Péricles, Prince de Tyr: Interview with Cécile Leterme

In anticipation of London Student’s review of Cheek by Jowl’s new production of Péricles at the Barbican Theatre, Stephen Hills exchanged questions with actress Cécile Leterme in an attempt to get to the heart of the production.


Pericles, Prince of Tyre has incest, shipwrecks, knights, a resurrection, Greek goddesses, pirates, sex trafficking, brothels, kings and religious apparitions, not to mention textual inconsistencies and moments of tender spirituality. Has Cheek by Jowl’s production tried to keep all these chaotic elements at play or pared down to a particular reading of the play?

CL: Well, actually, I think we manage to do both! We’ve staged the play in a French hospital where a man moves in and out of consciousness, finding his reality to be a mix of his Shakespearean memory and the ward around him. I think it’s fair to say therefore that Declan Donnellan [the director] has a very specific reading of the play, focussing on the protagonist’s trauma and recovery, but at the same time this reading manages to keep everything else in – all the play’s wild and mad perambulations.


SH: It really is a curiosity of a play; there are elements of comedy, romance, tragedy, satire, horror and farce. Sometimes it can be difficult to work out if Shakespeare and his collaborator George Wilkins are poking fun at theatrical conventions or just revelling in them. How do you think it fits in with the rest of Shakespeare’s canon?

CL: This play is indeed quite different from the rest of the canon. I also wondered at one point if the accumulation of dramatic events had a satirical aspect to it. But now, having worked on the play, I feel that the very accumulation of fortune and misfortune helps to emphasize the central moment in the play: the tender reconciliation of a man with his wife and daughter.


SH: The play is also about governance, migration and the experience of refugees. Ultimately, like you say, it is quite optimistic, a tale of healing, reconciliation and the responsibility we have towards those in need. Is this a message that resonates right now?

CL: Well, of course, in France, as in the rest of Europe, this is an absolutely essential message right now. Europe is being asked challenging questions at the moment and it can be useful to look for answers in the texts of the past, or if not for answers exactly, then at least for an emotional connection to these questions. We are performing the play in French, as you know, reworking the first translation of Pericles by Francois Guizot. He was a nineteenth-century politician and historian who wrote about the theatre’s ability to speak to new historical and social contexts. Shakespeare will always do this; he speaks to us as men and women, as humans, no matter when we live. In this play, he speaks to the contemporary moment by reminding us about the individuals we see in the news, travelling, migrating, and fleeing from place to place.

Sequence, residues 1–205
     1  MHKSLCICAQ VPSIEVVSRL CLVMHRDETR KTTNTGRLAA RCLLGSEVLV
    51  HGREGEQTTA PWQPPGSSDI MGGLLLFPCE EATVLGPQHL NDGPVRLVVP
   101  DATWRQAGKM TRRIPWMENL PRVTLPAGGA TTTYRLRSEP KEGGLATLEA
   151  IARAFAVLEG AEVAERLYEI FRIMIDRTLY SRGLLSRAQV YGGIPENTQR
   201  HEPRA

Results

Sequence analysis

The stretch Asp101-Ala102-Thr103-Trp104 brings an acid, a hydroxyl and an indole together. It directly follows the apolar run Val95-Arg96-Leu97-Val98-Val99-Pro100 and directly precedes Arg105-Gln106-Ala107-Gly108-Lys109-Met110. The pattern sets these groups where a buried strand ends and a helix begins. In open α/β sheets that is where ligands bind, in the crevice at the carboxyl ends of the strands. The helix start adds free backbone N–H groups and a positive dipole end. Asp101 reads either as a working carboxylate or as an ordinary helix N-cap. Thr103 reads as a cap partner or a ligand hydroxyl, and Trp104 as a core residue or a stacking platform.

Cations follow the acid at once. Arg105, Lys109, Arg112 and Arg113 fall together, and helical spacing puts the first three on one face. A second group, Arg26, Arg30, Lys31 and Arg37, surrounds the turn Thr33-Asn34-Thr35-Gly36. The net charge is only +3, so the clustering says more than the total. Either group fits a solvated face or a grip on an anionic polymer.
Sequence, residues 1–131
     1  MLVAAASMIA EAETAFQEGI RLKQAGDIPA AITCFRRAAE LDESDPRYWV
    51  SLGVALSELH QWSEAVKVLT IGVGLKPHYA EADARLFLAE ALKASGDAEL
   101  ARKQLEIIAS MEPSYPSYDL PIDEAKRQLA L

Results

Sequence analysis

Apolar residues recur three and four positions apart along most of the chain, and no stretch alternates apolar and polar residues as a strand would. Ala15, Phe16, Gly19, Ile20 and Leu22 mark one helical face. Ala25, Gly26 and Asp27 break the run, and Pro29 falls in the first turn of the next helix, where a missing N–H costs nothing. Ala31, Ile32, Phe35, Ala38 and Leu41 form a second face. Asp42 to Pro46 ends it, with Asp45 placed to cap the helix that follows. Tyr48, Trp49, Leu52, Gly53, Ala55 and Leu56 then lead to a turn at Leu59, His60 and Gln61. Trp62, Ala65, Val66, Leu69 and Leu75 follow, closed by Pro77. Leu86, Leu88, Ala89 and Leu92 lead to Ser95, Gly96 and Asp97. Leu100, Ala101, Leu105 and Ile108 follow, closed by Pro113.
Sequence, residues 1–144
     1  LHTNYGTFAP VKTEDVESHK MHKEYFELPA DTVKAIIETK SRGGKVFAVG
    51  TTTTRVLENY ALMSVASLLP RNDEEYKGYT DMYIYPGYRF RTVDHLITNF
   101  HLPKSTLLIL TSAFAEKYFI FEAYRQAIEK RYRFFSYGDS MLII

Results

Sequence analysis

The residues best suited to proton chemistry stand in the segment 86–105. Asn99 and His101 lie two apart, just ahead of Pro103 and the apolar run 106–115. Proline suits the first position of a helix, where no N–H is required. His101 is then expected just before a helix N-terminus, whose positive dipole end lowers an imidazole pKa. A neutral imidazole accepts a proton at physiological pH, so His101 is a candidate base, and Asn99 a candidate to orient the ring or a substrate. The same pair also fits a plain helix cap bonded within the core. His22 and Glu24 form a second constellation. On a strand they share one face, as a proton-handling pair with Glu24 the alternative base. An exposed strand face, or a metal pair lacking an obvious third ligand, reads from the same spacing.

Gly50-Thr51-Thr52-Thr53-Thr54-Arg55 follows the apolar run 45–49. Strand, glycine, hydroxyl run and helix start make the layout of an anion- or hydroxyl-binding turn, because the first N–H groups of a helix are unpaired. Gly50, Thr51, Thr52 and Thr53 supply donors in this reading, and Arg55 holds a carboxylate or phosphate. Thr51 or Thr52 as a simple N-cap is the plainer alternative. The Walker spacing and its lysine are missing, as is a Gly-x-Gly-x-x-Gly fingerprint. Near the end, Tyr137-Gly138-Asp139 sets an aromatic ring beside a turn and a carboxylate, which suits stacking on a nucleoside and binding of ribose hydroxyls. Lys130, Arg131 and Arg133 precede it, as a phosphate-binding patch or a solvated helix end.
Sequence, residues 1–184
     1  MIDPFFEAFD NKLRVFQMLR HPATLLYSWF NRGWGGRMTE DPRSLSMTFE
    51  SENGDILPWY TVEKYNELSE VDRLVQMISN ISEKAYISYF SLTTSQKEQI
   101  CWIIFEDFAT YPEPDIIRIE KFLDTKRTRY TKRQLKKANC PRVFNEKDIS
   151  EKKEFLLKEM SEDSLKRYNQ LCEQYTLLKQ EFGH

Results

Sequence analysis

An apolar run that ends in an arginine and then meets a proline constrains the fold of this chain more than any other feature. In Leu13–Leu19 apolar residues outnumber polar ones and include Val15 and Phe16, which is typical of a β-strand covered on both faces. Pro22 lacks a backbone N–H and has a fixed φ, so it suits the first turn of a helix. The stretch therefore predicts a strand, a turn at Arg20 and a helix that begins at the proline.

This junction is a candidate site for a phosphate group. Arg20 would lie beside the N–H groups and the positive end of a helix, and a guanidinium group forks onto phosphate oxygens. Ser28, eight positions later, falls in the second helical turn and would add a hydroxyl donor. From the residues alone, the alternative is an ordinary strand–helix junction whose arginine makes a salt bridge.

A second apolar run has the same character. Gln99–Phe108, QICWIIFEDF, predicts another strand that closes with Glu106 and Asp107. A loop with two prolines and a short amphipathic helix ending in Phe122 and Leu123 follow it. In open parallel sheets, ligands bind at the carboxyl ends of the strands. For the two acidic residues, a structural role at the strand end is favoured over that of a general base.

SH: Many luminaries of French letters have translated Shakespeare into French, from Voltaire to Francois-Victor Hugo – Victor Hugo’s son – to Maeterlinck. Am I right in saying that you’ve also translated Shakespeare for the French stage?

CL: Yes, I translated Romeo and Juliet, adapting it into a short one and a half hour version. I’ve also translated As You Like It and A Midsummer Night’s Dream. I am firstly an actor, but I have also built up experience in translation and so sometimes get the opportunity to do more.


SH: What are the challenges of translating Shakespeare into French today?

CH: I believe, firstly, that if somebody translates Shakespeare today, she or he will bring into the work their personality and contemporary moment. That is inevitable, not something that is necessarily conscious, as such; it is just a part of the process. But, secondly, it is important, to work with the director, to build towards a collective vision.


SH: ‘Building towards a collective vision’ feels a little like language borrowed from a bygone European dream, at least from this side of the channel. At a time of increased nationalism and the souring of Anglo-European relations, was it a deliberate political act to stage the great master of English Literature in French?

CH: I think the first political act is to keep British and French people working together. In that way, this company [Cheek by Jowl’s French Company] is very important. I can’t say if Brexit was a direct motivation for staging the play this time. Declan has put the play on before, of course [in 1984]. But in this manifestation the play has become about emigration and our relationship to our neighbours, so I think that translation itself – it’s difficulties and delights – is naturally a part of that conversation.

SH: This is the third production Cheek by Jowl have made with that French production company. The last was Alfred Jarry’s Ubu Roi, the absurdist masterpiece that when first performed in 1896 didn’t get far past its first line, ‘Mierdre!’, so enraged were the Parisian bourgeoisie. How does performing in Ubu Roi compare with Pericles?

CH: As in Ubu, each cast member plays many different characters while utilizing a unique set that transforms into many different places. In many ways it’s an opportunity to revisit stage relationships that have developed during our previous productions. The two plays are very different, of course. At the end of Ubu, the set was a mess and so were we: dirty, full of sweat, water and ketchup! With this production, we’re not as messy. But the excitement of the production is just the same!


Péricles, Prince de Tyr runs at the Barbican Theatre until the 21st April, 2018.

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